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Is COVID-19 keeping you up at night? An international team of researchers, including at UHN, is investigating how the pandemic may be impacting sleep quality for people around the world.
The fear of being infected with the virus, worrying about friends and family, job loss, financial problems, social distancing, new work routines are all factors that can generate stress and anxiety, with consequences to sleep routine.
"The pandemic is impacting all aspects of our lives and truthfully nobody knows when it will end," says Dr. Frances Chung, ResMedResearch Chair of Anesthesiology, Sleep, and Perioperative Medicine, Department of Anesthesia and Pain Management, UHN, and principal investigator for English-speaking Canada in the study.
Dr. Chung says the research will help gather data about people's sleep patterns and see if there's any association with social confinement, risk of exposure to COVID, and any psychological conditions that may have been exacerbated during the pandemic, such as anxiety, depression or post-traumatic stress.
Participation in the study, which is called "Impact of the COVID-19 pandemic on sleep," is voluntary and anonymous. Anyone over the age of 18 can participate.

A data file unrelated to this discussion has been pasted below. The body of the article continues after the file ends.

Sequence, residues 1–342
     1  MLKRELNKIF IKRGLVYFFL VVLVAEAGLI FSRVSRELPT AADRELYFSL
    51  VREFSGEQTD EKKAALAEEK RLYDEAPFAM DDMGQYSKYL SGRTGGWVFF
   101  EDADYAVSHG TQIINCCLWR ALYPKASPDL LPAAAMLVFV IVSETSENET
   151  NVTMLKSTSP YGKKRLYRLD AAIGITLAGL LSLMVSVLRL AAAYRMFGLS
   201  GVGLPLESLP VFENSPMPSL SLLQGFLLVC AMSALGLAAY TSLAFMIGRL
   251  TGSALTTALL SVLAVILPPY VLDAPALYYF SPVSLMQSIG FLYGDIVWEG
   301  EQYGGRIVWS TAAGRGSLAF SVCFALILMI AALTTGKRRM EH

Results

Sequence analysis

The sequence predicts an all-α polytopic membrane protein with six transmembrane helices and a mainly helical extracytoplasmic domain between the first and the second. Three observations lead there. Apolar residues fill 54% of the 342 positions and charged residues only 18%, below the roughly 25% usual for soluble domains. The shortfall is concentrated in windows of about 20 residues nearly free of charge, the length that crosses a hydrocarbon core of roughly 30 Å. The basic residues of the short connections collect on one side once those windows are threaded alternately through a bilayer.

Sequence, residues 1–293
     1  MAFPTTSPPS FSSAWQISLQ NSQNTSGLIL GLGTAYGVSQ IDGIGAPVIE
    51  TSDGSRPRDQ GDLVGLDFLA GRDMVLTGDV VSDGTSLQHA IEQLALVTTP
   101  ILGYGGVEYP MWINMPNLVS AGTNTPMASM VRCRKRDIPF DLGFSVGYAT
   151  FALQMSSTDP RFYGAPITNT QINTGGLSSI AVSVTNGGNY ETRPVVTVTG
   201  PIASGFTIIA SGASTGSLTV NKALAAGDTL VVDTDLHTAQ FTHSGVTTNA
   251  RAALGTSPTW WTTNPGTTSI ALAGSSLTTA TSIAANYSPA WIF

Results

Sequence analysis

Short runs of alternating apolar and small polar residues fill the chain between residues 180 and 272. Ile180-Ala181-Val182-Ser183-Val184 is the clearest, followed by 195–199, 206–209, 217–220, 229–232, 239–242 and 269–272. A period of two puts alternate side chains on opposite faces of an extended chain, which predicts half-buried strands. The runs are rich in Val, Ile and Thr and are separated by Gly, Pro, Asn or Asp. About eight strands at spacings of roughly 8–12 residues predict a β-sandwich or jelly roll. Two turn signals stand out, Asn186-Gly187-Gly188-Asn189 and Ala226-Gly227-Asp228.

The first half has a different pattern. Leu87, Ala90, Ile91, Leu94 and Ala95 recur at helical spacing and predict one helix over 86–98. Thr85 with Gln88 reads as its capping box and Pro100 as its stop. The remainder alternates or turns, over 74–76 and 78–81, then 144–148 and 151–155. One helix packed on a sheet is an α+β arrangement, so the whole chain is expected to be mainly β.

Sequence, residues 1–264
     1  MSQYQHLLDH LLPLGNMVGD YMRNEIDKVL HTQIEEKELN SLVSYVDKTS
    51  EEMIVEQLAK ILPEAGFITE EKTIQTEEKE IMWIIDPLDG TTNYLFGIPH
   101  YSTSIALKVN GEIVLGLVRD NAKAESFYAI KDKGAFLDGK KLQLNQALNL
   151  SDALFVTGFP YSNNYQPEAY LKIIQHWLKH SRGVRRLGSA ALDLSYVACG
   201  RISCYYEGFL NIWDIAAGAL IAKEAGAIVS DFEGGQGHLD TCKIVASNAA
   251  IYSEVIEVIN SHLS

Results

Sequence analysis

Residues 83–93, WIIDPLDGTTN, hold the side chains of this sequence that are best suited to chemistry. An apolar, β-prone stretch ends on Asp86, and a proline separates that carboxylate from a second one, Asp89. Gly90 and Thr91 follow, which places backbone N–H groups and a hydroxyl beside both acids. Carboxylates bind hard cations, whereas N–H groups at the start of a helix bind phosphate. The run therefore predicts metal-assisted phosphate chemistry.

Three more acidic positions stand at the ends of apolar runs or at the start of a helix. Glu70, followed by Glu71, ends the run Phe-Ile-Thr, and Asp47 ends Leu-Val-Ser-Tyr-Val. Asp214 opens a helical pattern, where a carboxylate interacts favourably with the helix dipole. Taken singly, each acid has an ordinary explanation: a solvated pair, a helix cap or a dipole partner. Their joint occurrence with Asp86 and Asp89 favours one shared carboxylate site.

The research will include participants in at least nine countries, across North America, Europe and Asia, through an online questionnaire. Researchers hope to enroll at least 1,000 people in each country.
Read more and participate in the study
"This study will help us understand to what extent COVID-19 has impacted sleep health, and help guide strategies during this pandemic response period, and beyond," says Dr. Chung.
Even before COVID-19, sleep disorders were considered a big and overlooked public health issue. In Canada, an estimated 35 per cent of the population aged 15 or older had trouble going to sleep or staying asleep for the appropriate number of hours.
Sleep health can have a huge impact on mental health, well-being, and also affect how our bodies function. Studies have shown that insufficient or poor quality of sleep is associated with obesity, diabetes, cardiovascular diseases, injuries, lower immunity, among a wide range of health problems.
"Unfortunately, sleep health is an area of study still largely ignored," says Dr. Chung. "Collecting this kind of data is a critical first step to get a better picture and improve both, sleep and mental health."